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  • Oil industry workers in Venezuela protesting against the U.S. imposed sanctions on the Bolivarian country. March 18, 2015.

    Oil industry workers in Venezuela protesting against the U.S. imposed sanctions on the Bolivarian country. March 18, 2015. | Photo: EFE

Published 6 May 2018

Mark Weisbrot spoke about the history of U.S. interventionism in Latin America and their current activities.

Mark Weisbrot, Co-Director of the Center for Economic and Policy Research in Washington and president of Just Foreign Policy, talked about how U.S. interventionism has been toppling left-wing governments in Latin America as part of their foreign policy, and how they continue to do so from Mexico to Argentina.

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Speaking with Greg Wilpert of The Real news Network, Weisbrot noted how the U.S. interventionism has undermined left-wing and progressive governments in Latin America in favor of others friendlier to Washington's economic and political policy.

The rise of left-wing and center-left governments in Latin America at the turn of the century brought a period of prosperity and sovereignty to the region, but that trend is now threatened as they have been displaced little by little.

“If you look at the region as a whole, the poverty rate dropped from 44 to 28 percent. That was from around 2003-2013. And that was after the two decades prior where poverty had actually increased, there was no progress at all,” said Weisbrot in interview with Wilpert.

“You know, every country did different things to help bring healthcare, and increase, in some countries, education, access to education. And there were a whole lot of reforms. Changes in macroeconomic policy. Getting rid of the IMF,” he said.

But that has changed in recent years, and sometimes with direct U.S. intervention. “The FBI, the Department of Justice contributed to the investigation that was instrumental in imprisoning Lula... That is, the investigation did end up decapitating the Workers' Party for now, first helping get rid of Dilma, but more importantly... they helped put Lula in prison and prevent him from running for office,” said Weisbrot.

And the list, according to Weisbrot, goes on and on.

In Paraguay, the U.S. and the Organization of American States helped to consolidate the parliamentary coup against President Fernando Lugo. In Honduras, Hillary Clinton acknowledged her role in making sure President Zelaya didn't return to office after being ousted by a military coup.

But media in the U.S. and the West tend to ignore these topics, creating a sense that U.S. interventionism in Latin America is no longer an real issue. “Nothing is really discussed in terms of U.S. intervention unless it's really a smoking gun, where they're caught red-handed in a way that nobody could deny,” said Weisbrot.

“So in Venezuela, for example, in 2002 when you had the coup, you had State Department and CIA documents which documented the involvement of the United States. They helped fund and train the people who did the coup, and they made statements following the coup that they knew were false in order to help the coup consolidate itself, and they failed in that case.”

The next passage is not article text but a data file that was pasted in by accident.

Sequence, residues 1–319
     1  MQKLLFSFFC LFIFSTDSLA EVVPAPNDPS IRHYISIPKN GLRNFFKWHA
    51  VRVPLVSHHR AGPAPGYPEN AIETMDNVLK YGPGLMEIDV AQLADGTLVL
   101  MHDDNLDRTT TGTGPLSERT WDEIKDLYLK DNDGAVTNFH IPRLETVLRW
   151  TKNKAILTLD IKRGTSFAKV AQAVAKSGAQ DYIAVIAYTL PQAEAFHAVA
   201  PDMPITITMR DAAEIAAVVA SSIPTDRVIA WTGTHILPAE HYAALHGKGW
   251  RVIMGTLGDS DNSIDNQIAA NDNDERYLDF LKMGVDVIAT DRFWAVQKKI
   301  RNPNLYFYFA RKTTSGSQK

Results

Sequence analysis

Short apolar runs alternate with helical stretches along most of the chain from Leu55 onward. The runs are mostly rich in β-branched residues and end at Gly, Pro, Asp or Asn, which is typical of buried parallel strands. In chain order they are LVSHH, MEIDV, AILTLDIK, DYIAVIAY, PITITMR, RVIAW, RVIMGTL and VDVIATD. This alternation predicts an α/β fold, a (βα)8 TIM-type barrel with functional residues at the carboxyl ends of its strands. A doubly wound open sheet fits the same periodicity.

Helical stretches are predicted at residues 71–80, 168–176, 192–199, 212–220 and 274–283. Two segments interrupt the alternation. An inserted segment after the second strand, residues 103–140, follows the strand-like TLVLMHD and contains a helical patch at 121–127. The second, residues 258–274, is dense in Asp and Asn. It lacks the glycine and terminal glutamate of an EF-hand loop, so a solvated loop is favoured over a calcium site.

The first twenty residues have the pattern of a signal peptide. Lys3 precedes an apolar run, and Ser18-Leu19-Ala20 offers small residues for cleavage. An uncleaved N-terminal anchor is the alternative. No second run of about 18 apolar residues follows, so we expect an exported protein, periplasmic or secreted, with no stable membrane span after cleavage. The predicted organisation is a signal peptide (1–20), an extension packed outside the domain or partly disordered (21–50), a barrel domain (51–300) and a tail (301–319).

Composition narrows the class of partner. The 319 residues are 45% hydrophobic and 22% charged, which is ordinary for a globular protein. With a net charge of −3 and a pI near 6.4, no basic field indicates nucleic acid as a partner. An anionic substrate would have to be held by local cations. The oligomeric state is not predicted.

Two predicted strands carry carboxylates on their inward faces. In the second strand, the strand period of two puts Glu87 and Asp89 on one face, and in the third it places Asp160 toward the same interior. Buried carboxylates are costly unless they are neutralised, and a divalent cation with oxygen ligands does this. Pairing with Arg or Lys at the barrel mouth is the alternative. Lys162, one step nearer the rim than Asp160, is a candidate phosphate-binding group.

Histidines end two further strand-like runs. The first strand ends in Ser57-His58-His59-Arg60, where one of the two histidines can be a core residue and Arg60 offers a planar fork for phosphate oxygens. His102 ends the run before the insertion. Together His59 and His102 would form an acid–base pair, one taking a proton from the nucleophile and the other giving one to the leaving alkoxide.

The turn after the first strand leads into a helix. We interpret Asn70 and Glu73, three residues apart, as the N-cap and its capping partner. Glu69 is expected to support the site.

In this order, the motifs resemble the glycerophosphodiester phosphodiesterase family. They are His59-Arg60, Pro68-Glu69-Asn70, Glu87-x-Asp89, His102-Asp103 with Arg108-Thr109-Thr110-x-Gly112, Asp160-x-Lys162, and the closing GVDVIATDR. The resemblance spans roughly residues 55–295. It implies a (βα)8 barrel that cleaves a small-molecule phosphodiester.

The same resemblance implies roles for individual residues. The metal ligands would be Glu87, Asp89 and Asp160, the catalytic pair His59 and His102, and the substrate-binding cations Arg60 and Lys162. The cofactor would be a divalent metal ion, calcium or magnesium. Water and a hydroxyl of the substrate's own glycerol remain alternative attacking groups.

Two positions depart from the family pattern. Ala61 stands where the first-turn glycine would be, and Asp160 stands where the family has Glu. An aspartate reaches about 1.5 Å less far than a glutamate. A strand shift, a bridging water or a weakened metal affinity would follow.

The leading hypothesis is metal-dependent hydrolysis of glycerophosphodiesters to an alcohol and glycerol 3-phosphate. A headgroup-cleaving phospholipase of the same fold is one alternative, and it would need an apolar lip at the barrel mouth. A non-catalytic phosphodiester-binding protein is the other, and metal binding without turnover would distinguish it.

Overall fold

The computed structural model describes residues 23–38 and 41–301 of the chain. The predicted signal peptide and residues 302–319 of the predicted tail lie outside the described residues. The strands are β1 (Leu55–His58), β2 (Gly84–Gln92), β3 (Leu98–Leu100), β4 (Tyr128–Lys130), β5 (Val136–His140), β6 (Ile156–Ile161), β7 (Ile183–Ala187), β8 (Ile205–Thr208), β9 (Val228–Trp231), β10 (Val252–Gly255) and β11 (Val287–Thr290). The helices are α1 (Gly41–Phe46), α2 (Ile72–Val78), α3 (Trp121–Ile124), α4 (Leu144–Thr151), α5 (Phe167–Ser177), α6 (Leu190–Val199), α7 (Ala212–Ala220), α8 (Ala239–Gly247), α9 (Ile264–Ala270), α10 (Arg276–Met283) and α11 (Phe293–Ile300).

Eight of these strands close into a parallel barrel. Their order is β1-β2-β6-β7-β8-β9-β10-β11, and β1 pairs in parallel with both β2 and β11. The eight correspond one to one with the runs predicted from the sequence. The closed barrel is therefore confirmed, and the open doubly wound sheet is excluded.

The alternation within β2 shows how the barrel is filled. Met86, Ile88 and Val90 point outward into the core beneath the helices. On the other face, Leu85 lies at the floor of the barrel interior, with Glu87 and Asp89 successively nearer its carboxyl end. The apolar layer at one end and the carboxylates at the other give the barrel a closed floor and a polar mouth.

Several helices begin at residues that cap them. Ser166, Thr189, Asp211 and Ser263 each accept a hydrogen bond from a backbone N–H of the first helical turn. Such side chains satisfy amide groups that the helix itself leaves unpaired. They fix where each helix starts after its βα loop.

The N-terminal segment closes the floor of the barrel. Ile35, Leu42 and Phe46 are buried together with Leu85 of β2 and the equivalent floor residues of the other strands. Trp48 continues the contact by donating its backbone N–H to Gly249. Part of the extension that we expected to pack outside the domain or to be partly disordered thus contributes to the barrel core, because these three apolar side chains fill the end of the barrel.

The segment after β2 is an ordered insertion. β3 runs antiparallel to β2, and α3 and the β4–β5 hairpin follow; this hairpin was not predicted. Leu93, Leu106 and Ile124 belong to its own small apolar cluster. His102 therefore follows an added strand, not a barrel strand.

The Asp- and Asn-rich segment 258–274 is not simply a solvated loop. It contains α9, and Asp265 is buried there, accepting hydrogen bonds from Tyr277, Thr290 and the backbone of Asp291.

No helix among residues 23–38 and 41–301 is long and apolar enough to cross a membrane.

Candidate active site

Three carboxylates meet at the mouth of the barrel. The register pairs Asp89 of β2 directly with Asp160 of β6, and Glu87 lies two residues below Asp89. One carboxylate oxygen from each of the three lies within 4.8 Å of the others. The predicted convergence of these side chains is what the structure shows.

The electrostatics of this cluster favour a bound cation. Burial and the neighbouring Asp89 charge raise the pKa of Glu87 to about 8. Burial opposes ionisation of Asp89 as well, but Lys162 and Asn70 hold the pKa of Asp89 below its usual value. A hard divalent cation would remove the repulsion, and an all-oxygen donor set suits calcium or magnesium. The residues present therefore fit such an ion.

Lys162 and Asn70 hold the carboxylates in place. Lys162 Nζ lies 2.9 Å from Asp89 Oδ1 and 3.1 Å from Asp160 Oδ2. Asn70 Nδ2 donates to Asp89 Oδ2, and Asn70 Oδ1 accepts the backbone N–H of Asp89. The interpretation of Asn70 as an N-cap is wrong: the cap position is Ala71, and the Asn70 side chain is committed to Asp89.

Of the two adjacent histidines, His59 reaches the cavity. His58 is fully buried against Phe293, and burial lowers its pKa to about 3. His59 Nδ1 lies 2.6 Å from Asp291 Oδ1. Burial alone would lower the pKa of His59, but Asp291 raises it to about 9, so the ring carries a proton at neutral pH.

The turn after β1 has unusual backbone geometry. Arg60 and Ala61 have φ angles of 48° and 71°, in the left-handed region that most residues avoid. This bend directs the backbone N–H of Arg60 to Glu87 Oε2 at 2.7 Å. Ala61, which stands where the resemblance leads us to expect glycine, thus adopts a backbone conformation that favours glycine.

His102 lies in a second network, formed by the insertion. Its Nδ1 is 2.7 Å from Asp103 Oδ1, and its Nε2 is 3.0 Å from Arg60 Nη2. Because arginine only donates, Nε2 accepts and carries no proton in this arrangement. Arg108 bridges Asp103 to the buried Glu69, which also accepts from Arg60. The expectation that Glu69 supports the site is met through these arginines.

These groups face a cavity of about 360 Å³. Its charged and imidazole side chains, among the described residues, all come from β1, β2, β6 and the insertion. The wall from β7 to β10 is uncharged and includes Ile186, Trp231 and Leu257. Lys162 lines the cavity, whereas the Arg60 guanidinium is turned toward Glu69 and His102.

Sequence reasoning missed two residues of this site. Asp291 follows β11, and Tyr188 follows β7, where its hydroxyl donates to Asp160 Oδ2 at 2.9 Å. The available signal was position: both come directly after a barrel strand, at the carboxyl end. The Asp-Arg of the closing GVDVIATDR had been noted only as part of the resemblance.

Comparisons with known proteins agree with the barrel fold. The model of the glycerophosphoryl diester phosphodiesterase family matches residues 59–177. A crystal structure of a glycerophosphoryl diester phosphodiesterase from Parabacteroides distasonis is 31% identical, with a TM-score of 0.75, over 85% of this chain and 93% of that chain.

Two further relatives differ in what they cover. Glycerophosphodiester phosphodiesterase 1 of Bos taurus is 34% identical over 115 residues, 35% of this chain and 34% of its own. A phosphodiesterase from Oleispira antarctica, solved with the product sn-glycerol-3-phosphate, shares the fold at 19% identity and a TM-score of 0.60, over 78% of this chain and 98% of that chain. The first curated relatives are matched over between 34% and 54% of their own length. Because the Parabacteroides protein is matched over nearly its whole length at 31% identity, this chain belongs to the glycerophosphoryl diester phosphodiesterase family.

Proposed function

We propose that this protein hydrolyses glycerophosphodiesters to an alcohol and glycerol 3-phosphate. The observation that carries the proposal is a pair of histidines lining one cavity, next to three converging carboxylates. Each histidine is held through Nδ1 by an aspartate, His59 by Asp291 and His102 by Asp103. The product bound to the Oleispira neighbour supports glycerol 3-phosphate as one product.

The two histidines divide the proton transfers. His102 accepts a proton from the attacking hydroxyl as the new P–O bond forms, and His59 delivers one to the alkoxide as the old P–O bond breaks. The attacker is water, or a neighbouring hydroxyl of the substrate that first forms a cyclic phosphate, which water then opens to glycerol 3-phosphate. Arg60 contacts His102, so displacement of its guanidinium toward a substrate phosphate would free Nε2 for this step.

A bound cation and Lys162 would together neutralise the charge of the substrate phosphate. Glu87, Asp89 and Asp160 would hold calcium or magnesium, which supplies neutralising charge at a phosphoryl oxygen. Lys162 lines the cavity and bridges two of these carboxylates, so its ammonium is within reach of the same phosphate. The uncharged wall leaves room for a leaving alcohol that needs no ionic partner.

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But in the case of Haiti, for example, things ran in a different way. “In Haiti in 2004... they took the president and put him on a rendition plane, and flew him out of the country. That was in broad daylight.”

To Weisbrot, ignoring the fact that U.S. foreign policy actually affects the development of other States in the continent, is “like reporting on Ukraine and never mentioning Russia... and of course anybody knows they have an enormous influence.”

But interventionism doesn't stay in the past. In Mexico, the U.S. southern neighbor, the center-left candidate Andres Manuel Lopez Obrador, or AMLO, is leading all the polls by a wide margin, and it's very unlikely that the one in the second place, right-wing Ricardo Anaya, can beat him.

Some in the U.S. are worried about AMLO becoming the president of Mexico, even though his politics can barely be dubbed as leftists. Even so, there are already accusation of Russia's financing, which Weisbrot calls “the new trend.”

And farther south in the continent, things are much worse. “In Venezuela they're doing something probably never done in the last 50 years, openly calling for a military coup, and actually a financial embargo they've put in place, and threatening even a worse embargo if they don't get rid of the current government,” says Weisbrot.

Even as Venezuela readies to hold elections in a few days, the U.S. and hardliner opposition say they won't recognize the results.

“But you have a credible opposition candidate who's leading in the polls, and they've reached agreement with the government on a set of procedures which are similar to almost all the other elections they've had for the last 20 years.” And in spite of that, the U.S. government says they don't want that, which could mean there's a more violent strategy waiting.


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